Channel 4’s Hunted: Light-hearted entertainment or insidious propaganda?

I’m not a big fan of reality television.

I dislike the way it pretends to be an unfiltered representation of ‘real life’, when everyone watching knows perfectly well that it’s about as authentic as a soap opera. I get annoyed at formulaic set ups which try to pass themselves off as uniquely exciting, and generally find the participants of these shows irritating at best.

Yet, last year I found myself tuning in week after week to a television programme containing every single one of these elements.

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Radio Silence by Alice Oseman

Radio Silence is a wonderful book that exactly captures what it feels like to be me. Or at least what it has felt like, at times.

Obviously not in every single aspect (never have I been so thankful for my school friends, with whom I have had many a serious discussion about which Harry Potter character we are), but as I eagerly devoured it I couldn’t help but find the resemblance almost uncanny.

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American Vandal- satire, silliness and style

I’ll be honest, judging from the summary- “Truth. Justice. Dicks.”-  I was slightly sceptical before I started to watch American Vandal.

I’m glad that I persevered after the first few episodes, as it fast became one of those shows when you don’t just want to watch the next episode, you need to. Urgently. Until you’ve reached the end and don’t know what to do with your life.

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The Essex Serpent by Sarah Perry

I am torn and I am mended – I want everything and need nothing – I love you and I am content without you.

Even so, come quickly!”

It’s not often that I read a book which I feel like I can recommend to everyone, a book that I believe both my mother and my best friend- people who have generally disparate albeit overlapping tastes- will get something out of.

So, on the occasion that I stumble across a book of this rare and special type, like The Essex Serpent by Sarah Perry, it is generally a very rare and special book indeed.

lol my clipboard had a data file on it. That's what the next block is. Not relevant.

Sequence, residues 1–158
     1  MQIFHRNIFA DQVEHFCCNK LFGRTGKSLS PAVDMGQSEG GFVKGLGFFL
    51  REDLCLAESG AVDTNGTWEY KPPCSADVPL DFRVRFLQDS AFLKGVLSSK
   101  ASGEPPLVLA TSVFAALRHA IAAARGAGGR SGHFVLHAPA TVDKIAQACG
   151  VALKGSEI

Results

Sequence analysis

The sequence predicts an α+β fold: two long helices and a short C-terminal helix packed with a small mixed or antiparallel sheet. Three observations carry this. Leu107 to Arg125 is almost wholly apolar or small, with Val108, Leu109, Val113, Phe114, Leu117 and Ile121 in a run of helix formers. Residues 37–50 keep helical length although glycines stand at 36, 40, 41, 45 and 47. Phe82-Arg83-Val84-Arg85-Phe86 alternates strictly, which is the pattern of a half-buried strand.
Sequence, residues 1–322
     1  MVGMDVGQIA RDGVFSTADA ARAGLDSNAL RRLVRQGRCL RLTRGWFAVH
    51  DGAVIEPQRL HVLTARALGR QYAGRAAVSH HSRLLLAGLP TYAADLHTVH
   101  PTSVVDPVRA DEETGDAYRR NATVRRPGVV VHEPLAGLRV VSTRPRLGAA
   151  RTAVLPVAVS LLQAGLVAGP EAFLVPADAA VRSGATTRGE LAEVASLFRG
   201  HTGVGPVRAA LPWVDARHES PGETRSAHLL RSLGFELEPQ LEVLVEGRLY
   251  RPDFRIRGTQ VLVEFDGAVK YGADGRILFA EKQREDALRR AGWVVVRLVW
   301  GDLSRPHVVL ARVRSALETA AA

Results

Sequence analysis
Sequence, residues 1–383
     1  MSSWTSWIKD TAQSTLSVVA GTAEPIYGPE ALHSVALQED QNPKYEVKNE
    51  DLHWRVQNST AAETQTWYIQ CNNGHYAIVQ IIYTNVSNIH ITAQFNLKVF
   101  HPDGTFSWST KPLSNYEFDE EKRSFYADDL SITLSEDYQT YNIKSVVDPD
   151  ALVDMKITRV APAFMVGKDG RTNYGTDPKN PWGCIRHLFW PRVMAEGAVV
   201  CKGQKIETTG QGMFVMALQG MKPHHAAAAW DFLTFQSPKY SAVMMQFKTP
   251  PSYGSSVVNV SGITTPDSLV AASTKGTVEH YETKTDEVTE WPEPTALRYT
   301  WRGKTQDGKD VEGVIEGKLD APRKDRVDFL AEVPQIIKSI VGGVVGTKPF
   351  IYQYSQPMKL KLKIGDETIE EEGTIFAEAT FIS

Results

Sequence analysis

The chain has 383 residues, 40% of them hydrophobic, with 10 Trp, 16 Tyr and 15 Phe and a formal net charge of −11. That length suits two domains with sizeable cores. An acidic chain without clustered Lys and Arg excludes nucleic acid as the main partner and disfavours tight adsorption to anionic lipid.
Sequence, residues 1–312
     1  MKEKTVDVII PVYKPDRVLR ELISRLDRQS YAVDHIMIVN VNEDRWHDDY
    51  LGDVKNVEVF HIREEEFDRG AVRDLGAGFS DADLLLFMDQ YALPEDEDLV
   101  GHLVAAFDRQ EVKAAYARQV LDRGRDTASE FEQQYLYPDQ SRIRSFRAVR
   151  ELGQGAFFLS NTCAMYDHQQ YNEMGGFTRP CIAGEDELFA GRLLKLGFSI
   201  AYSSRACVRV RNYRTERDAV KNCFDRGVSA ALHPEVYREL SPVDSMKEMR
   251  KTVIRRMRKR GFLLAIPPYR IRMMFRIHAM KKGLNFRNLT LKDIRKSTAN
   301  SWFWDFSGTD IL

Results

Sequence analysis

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Film Review: Dunkirk

I was slightly apprehensive going into Dunkirk. I was worried that I would feel bored as I had heard it was mostly action with barely any dialogue, that it would repeat the same war-movie clichés and exalt some kind of quasi-mythical patriotic British-ness that would totally alienate me.

I forgot these worries within the first few minutes of the film.

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Warlock Holmes: A Study in Brimstone by G.S Denning

I had just finished reading Johannes Cabal: The Fear Institute by Jonathan L. Howard and was trawling through Goodreads when I came across a review that compared Johannes Cabal and his brother Horst to Sherlock and Mycroft Holmes, and it was like a cartoon lightning bolt of epiphany had struck me (I understand that I’ve alienated most of you with this sentence but trust me, it’s accurate).

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Doctor Who: The Pilot

Doctor Who used to be my favourite television programme. Every Saturday evening my dad, my sister and I would sit down in front of the TV and watch David Tennant fighting aliens on some strange alien planet or talking to William Shakespeare in Elizabethan England, and I would love each and every episode, then go into school Monday morning and discuss it with my friends during morning registration. It was a simpler time.

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